I recently read Rebecca J. Wirfs-Brock's excellent article, “Toward Exception Handling Best Practices and Patterns” (pdf), in the September/October issue of IEEE software. The article contained lots of good advice on how to properly use exceptions, but I thought it was most useful where it touched on what NOT to do with exceptions.
So, without further ado, here are some of my favorite ways to abuse exceptions and make your code truly painful to maintain.
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Exception Swallowing is the practice of catching base exceptions and doing nothing with them.
The VB.Net example above is evil because it captures any exception that occurs, then discards the exception leaving no record that the exception was ever raised. This leads to an incredibly difficult to debug situation where a program behaves oddly or incorrectly but there is no sign that anything went wrong.
For a particularly insidious trick, try combining Exception Swallowing with overly long code blocks.
Repeatedly Catching, Logging, and Rethrowing the Same Exception
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The first rule to working with exceptions is to “handle exceptions as close to where they are thrown as possible”. Unfortunately, people sometimes get confused and forget the “as possible” part of this maxim. This leads to well meaning but misguided programmers catching and rethrowing the same exception all the way up the call stack as in the C# code above. This hides the root cause of the exception, as each thrown exception truncates the call stack to its level.
Logging the exception compounds the problem. If the exception is caught and rethrown at four different levels than three of the log entries are extraneous. This greatly decreases the signal to noise ratio in your log files and makes finding the root cause of the problem more difficult.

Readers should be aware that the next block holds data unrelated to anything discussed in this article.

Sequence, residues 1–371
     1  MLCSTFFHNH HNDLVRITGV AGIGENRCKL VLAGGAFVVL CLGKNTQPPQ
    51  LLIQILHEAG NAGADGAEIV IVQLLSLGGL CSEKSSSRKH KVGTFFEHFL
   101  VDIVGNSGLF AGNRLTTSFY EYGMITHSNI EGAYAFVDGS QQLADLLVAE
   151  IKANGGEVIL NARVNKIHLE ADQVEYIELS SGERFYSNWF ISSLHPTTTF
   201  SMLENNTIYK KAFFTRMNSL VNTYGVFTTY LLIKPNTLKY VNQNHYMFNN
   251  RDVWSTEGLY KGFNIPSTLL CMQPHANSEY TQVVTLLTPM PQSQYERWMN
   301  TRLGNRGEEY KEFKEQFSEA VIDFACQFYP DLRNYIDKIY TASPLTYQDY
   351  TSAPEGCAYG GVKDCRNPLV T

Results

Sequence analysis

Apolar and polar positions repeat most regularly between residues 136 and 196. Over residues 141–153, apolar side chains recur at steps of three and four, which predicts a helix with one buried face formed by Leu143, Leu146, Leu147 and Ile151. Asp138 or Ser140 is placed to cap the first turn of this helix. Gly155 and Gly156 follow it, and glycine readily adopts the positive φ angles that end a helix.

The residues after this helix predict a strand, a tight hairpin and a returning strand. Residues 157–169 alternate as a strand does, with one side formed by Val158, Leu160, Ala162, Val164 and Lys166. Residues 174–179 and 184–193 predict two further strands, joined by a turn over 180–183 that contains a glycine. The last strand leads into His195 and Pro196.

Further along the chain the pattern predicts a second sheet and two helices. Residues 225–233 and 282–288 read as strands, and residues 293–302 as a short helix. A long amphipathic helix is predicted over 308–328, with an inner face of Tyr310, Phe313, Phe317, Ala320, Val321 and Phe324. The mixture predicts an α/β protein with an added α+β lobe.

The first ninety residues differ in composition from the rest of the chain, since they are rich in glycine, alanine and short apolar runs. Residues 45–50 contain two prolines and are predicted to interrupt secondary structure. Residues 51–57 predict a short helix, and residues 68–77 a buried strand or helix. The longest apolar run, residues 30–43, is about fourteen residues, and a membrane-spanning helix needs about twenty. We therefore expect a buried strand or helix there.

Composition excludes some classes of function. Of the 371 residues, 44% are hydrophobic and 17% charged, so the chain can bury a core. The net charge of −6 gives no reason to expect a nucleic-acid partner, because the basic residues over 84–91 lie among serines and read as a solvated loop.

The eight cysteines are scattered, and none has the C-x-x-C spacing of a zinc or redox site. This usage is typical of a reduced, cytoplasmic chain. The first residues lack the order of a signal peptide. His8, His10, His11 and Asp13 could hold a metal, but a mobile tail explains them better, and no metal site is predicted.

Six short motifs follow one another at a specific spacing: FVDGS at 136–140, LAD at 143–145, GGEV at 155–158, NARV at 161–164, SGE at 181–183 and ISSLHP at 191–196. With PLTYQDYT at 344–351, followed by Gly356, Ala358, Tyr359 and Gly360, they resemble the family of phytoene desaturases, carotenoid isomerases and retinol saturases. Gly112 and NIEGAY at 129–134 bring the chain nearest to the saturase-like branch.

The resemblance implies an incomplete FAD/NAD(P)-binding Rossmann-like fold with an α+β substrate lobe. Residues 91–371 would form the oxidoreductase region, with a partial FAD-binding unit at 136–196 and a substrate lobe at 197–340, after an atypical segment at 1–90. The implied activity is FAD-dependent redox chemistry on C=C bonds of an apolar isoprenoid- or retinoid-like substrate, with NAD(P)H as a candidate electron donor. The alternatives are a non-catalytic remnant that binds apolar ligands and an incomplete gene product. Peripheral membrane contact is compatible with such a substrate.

Don’t catch exceptions that you can’t handle. Instead let them bubble up until they can be handled. If an exception is truly unrecoverable, then let it bubble to the top of the call stack, but take care to log it before exiting the application. That way all exceptions are guaranteed to be logged. Furthermore, if you later want to change how you log exceptions there is only one place to make the change.
Note: Sometimes it is appropriate to catch and rethrow an exception. One such example is to maintain the proper level of abstraction. For instance, a Model class in an MVC program shouldn’t throw a low level SQLException if a record it expects to exist can’t be found. Instead it should catch the low level exception and throw an exception like NoSuchElementException that is more appropriate to the level of abstraction. However, you must always remember to chain the exceptions so as not to lose the low level, root cause of the error.
Using Exceptions for Program Flow control
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Exceptions are to be used for exceptional situations. If an event is expected than it is not exceptional. There are several problems with the above Java example.
- Using exceptions to control program flow produce a sudden jump of execution control that makes tracing code difficult. This is similar to using goto (famously considered harmful by Dijkstra).
- Raising an exception is a computationally expensive event. Depending on the language and implementation it can involve freezing all executing threads and unwinding all the way to the top of the call stack.
The above code could be better written as:
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What You Should Do
There is plenty of good advice on the net about how to properly use exceptions. The Portland Pattern Repository has an excellent Exception Patterns Wiki. Joshua Bloch has some excellent advice on handling exceptions in Effective Java
Good exception handling is important, but it isn’t hard. If you follow some basic common sense and avoid the pitfalls discussed above you’ll be in really good shape.